Last month, Christian Union held its annual leadership training conference, Relay. This year’s conference was called ‘Our Sovereign Saviour: How the doctrine of Predestination shapes our approach to ministry.’ Over the course of the weekend, I gave five talks (as well as leading interactive discussion time) to help shape our understanding of this topic. You can listen to (or download) those talks here. You can also download the conference booklet, which contains material for the interactive sessions.
Over the years, in my roles as a Christian pastor and university staff worker, I’ve helped to prepare a lot of young couples for marriage. When it comes time to do formal ‘marriage preparation’, I usually ask the couple to complete an online questionnaire. Once they finish, we sit in my lounge room to discuss the results and share some real talk about what it’s really like to be married. It’s a fun, important and sometimes eye-opening way to help people get ready for marriage.
But over the last few months, I’ve seen the limitations of this process. You see, there’s only so much marriage preparation you can do by sitting on the couch with a cup of tea, a bikky, and a series of coloured charts that claim to capture your mutual strengths and ‘growth areas’ (we’re not supposed to call them weaknesses).
Sometimes, I think the best way to prepare a couple for marriage would be to drive them to a local hospital. I’d take them inside, find a quiet spot out of the way, and ask them to watch silently as an elderly wife spoon-feeds her dying husband. Continue reading
A couple of brief thoughts from afar on the book ‘banning’ debacle unfolding in NSW, for what they are worth…
First, it’s kind of amusing but not insignificant that one of the three books is misnamed. It seems like they meant to ban either this one or this one, and it’s genuinely hard to work out which one is intended. (Everyone seems to be forging ahead on the basis that it’s John Dickson’s book.) It makes the DEC’s directive look amateurish, and leaves the impression that the whole thing was hastily cobbled together rather than carefully considered. If I were banning a book, I’d want to at least be clear on the name of the book. Continue reading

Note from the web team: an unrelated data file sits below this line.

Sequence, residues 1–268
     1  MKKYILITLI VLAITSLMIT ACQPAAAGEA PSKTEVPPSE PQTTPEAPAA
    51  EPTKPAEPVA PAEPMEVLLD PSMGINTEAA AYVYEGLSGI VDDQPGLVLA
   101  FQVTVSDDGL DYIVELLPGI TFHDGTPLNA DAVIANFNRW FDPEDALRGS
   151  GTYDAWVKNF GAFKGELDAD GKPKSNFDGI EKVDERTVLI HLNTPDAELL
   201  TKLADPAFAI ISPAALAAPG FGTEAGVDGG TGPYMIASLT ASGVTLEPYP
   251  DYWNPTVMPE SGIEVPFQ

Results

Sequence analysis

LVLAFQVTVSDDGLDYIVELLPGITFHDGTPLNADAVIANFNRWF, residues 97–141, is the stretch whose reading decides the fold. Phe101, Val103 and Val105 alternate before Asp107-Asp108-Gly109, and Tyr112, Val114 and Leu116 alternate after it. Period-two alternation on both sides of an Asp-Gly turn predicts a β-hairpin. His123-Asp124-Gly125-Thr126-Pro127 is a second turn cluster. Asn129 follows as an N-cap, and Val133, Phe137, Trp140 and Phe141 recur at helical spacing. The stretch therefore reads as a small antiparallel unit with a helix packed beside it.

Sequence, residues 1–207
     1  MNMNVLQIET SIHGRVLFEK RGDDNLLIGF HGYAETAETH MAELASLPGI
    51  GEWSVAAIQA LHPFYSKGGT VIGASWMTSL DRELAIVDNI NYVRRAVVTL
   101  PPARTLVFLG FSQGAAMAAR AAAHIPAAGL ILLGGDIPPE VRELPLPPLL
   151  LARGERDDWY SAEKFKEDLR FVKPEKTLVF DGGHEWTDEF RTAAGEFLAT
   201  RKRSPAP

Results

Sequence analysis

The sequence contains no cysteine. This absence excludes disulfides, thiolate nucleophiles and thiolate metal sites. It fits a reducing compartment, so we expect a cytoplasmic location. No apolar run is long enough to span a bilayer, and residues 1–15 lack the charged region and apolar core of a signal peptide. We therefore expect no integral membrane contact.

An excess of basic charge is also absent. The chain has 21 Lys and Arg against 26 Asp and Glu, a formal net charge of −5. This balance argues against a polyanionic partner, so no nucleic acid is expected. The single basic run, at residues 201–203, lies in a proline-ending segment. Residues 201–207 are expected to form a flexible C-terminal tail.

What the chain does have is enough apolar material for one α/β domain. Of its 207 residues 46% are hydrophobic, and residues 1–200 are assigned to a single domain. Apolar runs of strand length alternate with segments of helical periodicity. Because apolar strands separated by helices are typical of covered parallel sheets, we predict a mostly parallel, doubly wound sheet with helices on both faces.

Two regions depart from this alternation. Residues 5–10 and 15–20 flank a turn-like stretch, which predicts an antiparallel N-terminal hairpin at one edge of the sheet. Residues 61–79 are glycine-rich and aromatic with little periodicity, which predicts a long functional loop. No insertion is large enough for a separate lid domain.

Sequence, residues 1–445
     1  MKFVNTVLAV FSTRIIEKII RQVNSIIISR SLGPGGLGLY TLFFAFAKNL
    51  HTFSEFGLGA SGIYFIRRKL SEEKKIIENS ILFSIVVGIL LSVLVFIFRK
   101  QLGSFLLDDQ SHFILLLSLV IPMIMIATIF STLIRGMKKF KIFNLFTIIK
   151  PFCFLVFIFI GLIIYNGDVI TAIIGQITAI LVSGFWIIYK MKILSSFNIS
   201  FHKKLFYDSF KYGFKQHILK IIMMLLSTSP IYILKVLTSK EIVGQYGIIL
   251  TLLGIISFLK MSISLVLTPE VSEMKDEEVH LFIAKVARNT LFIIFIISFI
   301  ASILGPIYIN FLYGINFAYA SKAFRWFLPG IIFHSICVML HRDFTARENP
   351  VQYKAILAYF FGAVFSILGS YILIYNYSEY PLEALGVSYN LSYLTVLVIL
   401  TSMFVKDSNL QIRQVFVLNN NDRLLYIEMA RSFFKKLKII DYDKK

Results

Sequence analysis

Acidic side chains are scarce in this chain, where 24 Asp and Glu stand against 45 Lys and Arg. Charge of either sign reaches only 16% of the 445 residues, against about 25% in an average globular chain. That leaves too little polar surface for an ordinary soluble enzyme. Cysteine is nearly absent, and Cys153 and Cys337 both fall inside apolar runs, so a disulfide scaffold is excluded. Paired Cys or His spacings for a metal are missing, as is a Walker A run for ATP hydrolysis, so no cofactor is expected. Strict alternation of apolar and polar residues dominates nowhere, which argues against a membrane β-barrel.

Over the last couple of days, my Facebook newsfeed has been filled with people commenting on the final hours of Andrew Chan and Myuran Sukumaran (the convicted drug dealers executed in Indonesia on April 29). In particular, what seems to have caught people’s attention the most is that Chan and Sukumaran went to their deaths praising God, maybe even looking forward to meeting their Maker.
The response to this has provided a fascinating contrast. My Christian friends have celebrated the fact that these men embraced the hope and forgiveness offered by the Christian message about Jesus, even singing Amazing Grace and 10,000 Reasons in their final moments. But for some of my non-Christian friends, these reports obviously seemed strange – perhaps even perverse. I mean, how could anyone be hopeful, how could anyone sing, in the face of such a horrible death? And why would these men, of all people – convicted drug dealers, the scum of the earth – be looking forward to meeting their Maker? Continue reading
Last month, when I wrote about the massive issue of spiritual abuse and what’s happened with Mark Driscoll, I expected a decent number of people to read the article. Driscoll is a high profile guy, and spiritual abuse and bullying within churches is a really big issue.
It certainly seems like lots of people have read it, and that’s good. If the aim of that piece was to shine light on an often-hidden and widely misunderstood issue, more people reading it can only help. Continue reading
Everything that’s happened with Mark Driscoll and Mars Hill Church in Seattle is great fodder for the blogosphere, and a profound tragedy for the thousands of real people involved.
If you have no idea what I’m talking about, congratulations on avoiding the whole sorry saga. But the short story is that Driscoll – poster boy for the ‘New Calvinism’ (and I hate that phrase as much as you do) – recently resigned from his role as Pastor at Mars Hill Church, the Seattle-based mega-church he founded 18 years ago. While some congregations will continue, Mars Hill as an entity will cease to exist. Continue reading